House of Commons Hansard #107 of the 41st Parliament, 1st Session. (The original version is on Parliament's site.) The word of the day was gender.

Topics

Rights and Freedoms
Statements by Members

April 5th, 2012 / 11:05 a.m.

Conservative

Michael Chong Wellington—Halton Hills, ON

Mr. Speaker, April 17 marks the 30th anniversary of the Constitution Act, 1982, and the Canadian Charter of Rights and Freedoms, which entrenched in the Constitution of Canada the rights and freedoms necessary for a free and democratic society. For 30 years, the charter has regulated interactions between the state and its citizens.

For 30 years, the Charter has spurred change.

As a 10 year old, I remember watching the broadcast of Her Majesty Queen Elizabeth II on Parliament Hill, who proclaimed the Constitution Act 1982, which brought the charter into force.

The Charter has had a fundamental effect: it has made Canadian citizenship the cornerstone of our society.

It enforces the idea that all citizens, regardless of their ethnicity or creed, share a common set of rights and responsibilities. The charter serves as a common thread in the fabric of Canada and is what makes us uniquely Canadian.

Rio Tinto Alcan Workers
Statements by Members

11:05 a.m.

NDP

Claude Patry Jonquière—Alma, QC

Mr. Speaker, last Saturday, March 31, 2012, in the town of Alma in the Saguenay-Lac-Saint-Jean region, people marched in solidarity with the locked out Rio Tinto Alcan workers. Members of the public and unions from around the world came to participate in this tremendous show of solidarity.

Unions from Quebec and Canada—CSN, FTQ, CEP, CAW and the Steelworkers—as well as Australian, French and English unions and many other labour organizations came in support of the locked-out workers. I want to thank them for participating in the rally.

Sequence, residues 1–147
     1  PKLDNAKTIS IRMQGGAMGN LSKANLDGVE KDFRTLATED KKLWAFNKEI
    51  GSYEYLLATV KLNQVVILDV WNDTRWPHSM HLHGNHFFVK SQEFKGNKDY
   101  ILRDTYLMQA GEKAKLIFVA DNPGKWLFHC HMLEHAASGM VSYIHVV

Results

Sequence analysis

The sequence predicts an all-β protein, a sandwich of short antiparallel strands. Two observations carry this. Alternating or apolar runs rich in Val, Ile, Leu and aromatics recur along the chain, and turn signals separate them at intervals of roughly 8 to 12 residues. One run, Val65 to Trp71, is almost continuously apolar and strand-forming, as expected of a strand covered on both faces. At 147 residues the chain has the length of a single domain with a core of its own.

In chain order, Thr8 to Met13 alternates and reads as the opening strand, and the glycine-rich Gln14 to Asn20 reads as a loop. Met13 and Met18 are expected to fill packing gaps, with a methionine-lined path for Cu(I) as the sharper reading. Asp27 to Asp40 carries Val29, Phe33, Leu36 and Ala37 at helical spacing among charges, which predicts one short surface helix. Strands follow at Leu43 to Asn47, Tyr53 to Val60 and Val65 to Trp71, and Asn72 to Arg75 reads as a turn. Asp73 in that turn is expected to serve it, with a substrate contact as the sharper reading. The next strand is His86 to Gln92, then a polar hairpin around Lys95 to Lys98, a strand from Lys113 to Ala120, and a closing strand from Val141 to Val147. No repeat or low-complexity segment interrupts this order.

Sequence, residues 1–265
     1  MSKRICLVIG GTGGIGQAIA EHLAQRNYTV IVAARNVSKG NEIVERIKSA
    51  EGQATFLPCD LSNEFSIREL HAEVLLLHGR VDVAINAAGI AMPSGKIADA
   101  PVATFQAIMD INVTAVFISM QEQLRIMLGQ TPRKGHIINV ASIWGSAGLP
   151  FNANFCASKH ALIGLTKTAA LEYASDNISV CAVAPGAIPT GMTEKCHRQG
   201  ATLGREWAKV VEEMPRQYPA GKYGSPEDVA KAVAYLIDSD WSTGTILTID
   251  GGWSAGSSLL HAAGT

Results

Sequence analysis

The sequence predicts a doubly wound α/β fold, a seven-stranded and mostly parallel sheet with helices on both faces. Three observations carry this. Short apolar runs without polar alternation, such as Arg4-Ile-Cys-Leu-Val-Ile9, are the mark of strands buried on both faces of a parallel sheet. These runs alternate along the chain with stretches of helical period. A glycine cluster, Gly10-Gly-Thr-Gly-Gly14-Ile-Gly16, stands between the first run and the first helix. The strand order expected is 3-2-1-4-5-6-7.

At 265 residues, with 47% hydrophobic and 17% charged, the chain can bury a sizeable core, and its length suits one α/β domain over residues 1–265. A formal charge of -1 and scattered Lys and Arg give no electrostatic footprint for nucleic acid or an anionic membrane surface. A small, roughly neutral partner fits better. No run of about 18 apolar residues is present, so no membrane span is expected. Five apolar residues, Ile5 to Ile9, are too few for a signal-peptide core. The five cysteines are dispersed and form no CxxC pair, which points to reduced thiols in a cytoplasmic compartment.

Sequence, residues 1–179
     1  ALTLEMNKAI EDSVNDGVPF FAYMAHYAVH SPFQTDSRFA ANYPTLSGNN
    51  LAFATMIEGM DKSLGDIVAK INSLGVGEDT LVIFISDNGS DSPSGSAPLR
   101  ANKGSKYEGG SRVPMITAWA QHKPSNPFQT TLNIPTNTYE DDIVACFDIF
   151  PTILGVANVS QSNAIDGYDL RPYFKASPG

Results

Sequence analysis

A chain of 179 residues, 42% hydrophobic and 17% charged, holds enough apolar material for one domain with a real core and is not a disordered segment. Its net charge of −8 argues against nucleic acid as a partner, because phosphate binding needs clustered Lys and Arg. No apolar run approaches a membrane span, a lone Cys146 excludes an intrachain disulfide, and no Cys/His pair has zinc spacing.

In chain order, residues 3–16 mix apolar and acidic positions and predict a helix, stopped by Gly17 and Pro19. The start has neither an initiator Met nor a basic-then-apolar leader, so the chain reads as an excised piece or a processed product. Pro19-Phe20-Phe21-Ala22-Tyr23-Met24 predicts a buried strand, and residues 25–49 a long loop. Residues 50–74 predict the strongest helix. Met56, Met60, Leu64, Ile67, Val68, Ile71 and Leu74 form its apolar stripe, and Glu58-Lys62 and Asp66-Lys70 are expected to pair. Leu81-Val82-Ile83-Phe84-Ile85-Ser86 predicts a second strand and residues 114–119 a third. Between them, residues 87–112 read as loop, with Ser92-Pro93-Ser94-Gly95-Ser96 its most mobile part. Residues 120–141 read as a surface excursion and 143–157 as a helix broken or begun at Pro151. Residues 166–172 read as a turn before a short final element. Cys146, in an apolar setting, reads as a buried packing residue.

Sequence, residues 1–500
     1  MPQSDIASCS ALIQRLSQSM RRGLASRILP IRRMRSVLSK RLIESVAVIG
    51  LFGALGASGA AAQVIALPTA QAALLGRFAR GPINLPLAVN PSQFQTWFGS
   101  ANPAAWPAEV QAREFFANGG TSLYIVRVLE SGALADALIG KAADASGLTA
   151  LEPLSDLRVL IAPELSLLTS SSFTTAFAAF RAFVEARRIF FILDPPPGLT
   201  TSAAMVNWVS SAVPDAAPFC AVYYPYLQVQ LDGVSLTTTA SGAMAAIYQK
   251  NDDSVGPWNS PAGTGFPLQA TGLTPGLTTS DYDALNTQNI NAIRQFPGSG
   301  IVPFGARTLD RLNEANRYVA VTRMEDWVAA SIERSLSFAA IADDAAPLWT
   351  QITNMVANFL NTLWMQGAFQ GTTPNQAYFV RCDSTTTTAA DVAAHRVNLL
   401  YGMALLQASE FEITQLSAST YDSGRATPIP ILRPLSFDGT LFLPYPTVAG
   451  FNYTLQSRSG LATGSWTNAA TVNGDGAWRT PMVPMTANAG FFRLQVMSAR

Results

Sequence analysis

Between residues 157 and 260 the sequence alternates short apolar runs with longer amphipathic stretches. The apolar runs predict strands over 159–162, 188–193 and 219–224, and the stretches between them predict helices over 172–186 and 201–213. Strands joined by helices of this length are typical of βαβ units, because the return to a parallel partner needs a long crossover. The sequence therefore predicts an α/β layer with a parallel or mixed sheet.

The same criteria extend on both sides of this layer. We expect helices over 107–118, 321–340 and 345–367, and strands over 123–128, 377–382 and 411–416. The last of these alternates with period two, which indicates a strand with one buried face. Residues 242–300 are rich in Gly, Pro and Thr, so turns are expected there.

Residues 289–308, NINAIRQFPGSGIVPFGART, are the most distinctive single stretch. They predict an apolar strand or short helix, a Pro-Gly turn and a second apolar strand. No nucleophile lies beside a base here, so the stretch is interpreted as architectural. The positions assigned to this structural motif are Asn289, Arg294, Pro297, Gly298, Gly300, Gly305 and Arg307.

It is important to condemn the behaviour of Rio Tinto Alcan, which is getting rich by taking advantage of our natural resources and our hydroelectric dams. Rio Tinto Alcan has been holding the region hostage with its lockout since December 31, 2011. Rio Tinto Alcan must negotiate in good faith with the union and the employees and must ensure that the people of Saguenay-Lac-Saint-Jean receive their fair share of the collective wealth. Rio Tinto Alcan must offer good jobs with good salaries and not create two classes of workers, thereby impoverishing the region.

Long live solidarity. Long live the workers.

Yorkton Film Festival
Statements by Members

11:05 a.m.

Conservative

Garry Breitkreuz Yorkton—Melville, SK

Mr. Speaker, I am very pleased to rise in the House today to give special tribute to the Yorkton Film Festival, which will be celebrating 65 years of film in May in my constituency of Yorkton—Melville, Saskatchewan.

The first of its kind in North America, the festival was established in the city of Yorkton back in 1947 by the Yorkton Film Council and local volunteers.

The Yorkton Film Festival has evolved over the years to showcase the best of Canadian short films and videos. The four day event includes workshops, showings and social events like street dances, ethnic food and live entertainment. Its grand prize, the Golden Sheaf award, is inspired by the wheat fields that surround this vibrant city and province.

I wish the organizers and participants of the 2012 Yorkton Film Festival, the longest running film festival in North America, the best of success as they celebrate the best of Canada's film industry.

National Volunteer Week
Statements by Members

11:05 a.m.

Conservative

Gary Schellenberger Perth—Wellington, ON

Mr. Speaker, from April 15 to 21, Canadians will come together to celebrate National Volunteer Week.

I would like to thank the more than 13.3 million Canadians who contribute to the 2.1 billion hours of volunteer work completed in Canada each year.

Our government recognizes the considerable impact that volunteers alone can make within communities across Canada, each and every day. All Canadians can volunteer, all Canadians can make a difference.

Everyone has a the right and responsibility to be engaged. Our government knows that Canadians do not want to sit on the sidelines and wait for someone else to enact every change they want to see in their community.

I am pleased to have this opportunity today to thank volunteers across Canada for their selfless dedication and to encourage those who have not yet had the enriching experience of volunteer work to engage in this act, which is truly a reflection of our strong Canadian values.

Horeb Saint-Jacques
Statements by Members

11:10 a.m.

NDP

Manon Perreault Montcalm, QC

Mr. Speaker, today I would like to draw the attention of the House to the social and community-minded services that Horeb Saint-Jacques provides to the people of Montcalm and the Lanaudière region in general.